Two female contenders, Sanae Takaichi, 60, and Seiko Noda, 61, dropped out after the first round.
The winner of the party poll to succeed unpopular Mr Suga, who is not seeking re-election after just one year in office, is almost certain to become premier because of its majority in parliament's lower house.
Mr Kishida must call an election by 28 November and faces the task of rebuilding an economy staggering from the COVID-19 pandemic, but his consensus style will help him consolidate power within the factious ruling party.
Mr Kishida's victory is unlikely to trigger a huge shift in policies as Japan seeks to cope with an assertive China and revive an economy hit by the pandemic, with the soft-spoken MP highlighting the need to focus on reducing income disparity.
He shares a broad consensus on the need to boost Japan's defences and strengthen security ties with the United States and other partners including the QUAD grouping of Japan, the US, Australia and India, while preserving vital economic ties with China and holding regular summit meetings.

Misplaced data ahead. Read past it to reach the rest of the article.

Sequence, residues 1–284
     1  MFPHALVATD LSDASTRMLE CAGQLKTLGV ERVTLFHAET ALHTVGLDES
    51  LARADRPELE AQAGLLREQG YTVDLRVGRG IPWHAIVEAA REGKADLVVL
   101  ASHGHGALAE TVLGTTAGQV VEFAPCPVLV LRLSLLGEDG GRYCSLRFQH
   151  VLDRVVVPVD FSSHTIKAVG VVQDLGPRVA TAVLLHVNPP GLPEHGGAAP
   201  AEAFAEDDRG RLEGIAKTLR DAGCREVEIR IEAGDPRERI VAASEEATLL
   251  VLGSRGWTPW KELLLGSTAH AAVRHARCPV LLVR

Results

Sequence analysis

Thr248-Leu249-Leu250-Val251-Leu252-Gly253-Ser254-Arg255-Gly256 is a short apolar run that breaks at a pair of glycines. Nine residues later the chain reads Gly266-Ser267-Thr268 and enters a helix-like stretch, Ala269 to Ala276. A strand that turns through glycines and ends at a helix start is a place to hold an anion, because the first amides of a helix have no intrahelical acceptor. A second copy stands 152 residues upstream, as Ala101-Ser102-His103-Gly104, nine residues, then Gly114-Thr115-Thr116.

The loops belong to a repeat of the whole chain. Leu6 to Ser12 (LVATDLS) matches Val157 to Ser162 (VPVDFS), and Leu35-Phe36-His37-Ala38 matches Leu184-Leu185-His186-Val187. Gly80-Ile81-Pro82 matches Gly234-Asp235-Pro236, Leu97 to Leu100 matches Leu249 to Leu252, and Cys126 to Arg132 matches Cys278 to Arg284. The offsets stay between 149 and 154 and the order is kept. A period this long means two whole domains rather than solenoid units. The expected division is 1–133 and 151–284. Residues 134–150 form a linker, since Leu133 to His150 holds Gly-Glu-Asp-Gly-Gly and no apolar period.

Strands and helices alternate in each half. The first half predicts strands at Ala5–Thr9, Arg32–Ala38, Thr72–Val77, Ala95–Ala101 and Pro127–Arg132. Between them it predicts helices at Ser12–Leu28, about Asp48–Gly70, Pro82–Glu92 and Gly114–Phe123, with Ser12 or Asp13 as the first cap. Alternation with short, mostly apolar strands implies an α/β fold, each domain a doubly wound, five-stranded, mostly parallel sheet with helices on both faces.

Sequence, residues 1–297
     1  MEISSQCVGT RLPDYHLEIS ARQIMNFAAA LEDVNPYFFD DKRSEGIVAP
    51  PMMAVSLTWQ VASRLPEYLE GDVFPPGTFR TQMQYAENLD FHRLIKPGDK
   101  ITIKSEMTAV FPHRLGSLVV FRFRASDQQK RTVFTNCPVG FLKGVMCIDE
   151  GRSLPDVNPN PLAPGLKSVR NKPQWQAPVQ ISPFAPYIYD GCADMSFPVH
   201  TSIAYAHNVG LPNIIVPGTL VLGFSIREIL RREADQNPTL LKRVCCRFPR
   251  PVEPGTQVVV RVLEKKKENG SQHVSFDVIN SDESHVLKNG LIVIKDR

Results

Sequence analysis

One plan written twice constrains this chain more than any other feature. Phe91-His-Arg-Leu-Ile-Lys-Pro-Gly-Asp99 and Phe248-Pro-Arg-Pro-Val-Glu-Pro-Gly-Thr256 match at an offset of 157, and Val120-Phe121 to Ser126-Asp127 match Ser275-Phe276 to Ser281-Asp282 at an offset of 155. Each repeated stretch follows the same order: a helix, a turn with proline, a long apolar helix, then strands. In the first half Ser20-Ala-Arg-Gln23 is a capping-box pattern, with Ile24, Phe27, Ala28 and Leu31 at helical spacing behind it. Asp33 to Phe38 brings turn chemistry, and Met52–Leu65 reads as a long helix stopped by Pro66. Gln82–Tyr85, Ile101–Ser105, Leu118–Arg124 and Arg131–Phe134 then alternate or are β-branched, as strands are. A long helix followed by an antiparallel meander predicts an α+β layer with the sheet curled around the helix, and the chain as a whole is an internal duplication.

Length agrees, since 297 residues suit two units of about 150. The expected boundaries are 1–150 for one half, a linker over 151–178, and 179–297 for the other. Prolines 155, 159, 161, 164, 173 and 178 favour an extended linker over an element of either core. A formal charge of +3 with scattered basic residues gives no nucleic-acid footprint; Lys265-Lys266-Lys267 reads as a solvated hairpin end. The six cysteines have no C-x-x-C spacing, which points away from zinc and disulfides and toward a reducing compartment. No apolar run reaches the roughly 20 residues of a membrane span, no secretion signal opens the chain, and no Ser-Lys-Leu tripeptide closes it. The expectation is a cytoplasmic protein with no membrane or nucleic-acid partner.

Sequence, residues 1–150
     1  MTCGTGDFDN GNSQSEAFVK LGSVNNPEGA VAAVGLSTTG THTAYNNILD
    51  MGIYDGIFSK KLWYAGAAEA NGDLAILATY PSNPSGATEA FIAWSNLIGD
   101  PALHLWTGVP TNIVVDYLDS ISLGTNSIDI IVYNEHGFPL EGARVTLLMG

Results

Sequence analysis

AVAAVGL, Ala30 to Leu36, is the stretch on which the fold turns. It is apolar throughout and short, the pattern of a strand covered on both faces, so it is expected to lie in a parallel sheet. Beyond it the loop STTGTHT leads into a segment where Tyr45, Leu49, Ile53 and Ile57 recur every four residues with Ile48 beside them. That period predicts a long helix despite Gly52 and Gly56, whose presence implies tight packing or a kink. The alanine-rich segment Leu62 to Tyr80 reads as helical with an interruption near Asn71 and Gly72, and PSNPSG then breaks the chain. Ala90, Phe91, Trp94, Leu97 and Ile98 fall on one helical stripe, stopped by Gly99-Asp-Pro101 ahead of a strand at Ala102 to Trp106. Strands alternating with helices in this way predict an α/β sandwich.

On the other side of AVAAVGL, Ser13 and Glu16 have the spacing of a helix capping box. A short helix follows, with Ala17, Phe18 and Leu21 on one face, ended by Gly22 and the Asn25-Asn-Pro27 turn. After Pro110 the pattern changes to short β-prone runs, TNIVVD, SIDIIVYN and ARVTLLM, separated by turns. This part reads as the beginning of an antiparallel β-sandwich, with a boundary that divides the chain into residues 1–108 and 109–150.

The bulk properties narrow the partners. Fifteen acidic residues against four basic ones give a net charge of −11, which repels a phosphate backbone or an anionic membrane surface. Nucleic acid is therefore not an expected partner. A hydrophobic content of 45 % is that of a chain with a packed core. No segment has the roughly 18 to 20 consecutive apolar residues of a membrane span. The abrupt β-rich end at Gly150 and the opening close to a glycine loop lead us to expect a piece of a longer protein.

Specifically, Mr Kishida wants to beef up Japan's coast guard and backs passing of a resolution condemning China's treatment of members of the Uyghur minority. He wants to appoint a prime ministerial aide to monitor their human rights situation.
Mr Kishida said deregulation during the reform era in the early 2000s widened the gap between the haves and have-nots and that former prime minister Shinzo Abe's "Abenomics", which sought to fix tattered finances by achieving high growth and boosting tax revenues, did not result in benefits trickling down.
He has said fiscal consolidation would be a major pillar of his policy and in the past has voiced doubts over the Bank of Japan's ultra-loose policy, saying in 2018 that stimulus cannot last forever.
With the economy suffering from the COVID-19 pandemic, Mr Kishida reversed course to say the BOJ must maintain its massive stimulus, saying Japan likely would not raise a sales tax rate from 10 per cent "for about a decade".
He stressed the need to distribute more wealth to households, in contrast to the focus of Abe's "Abenomics" policies on boosting corporate profits in the hope benefits trickle down to wage-earners.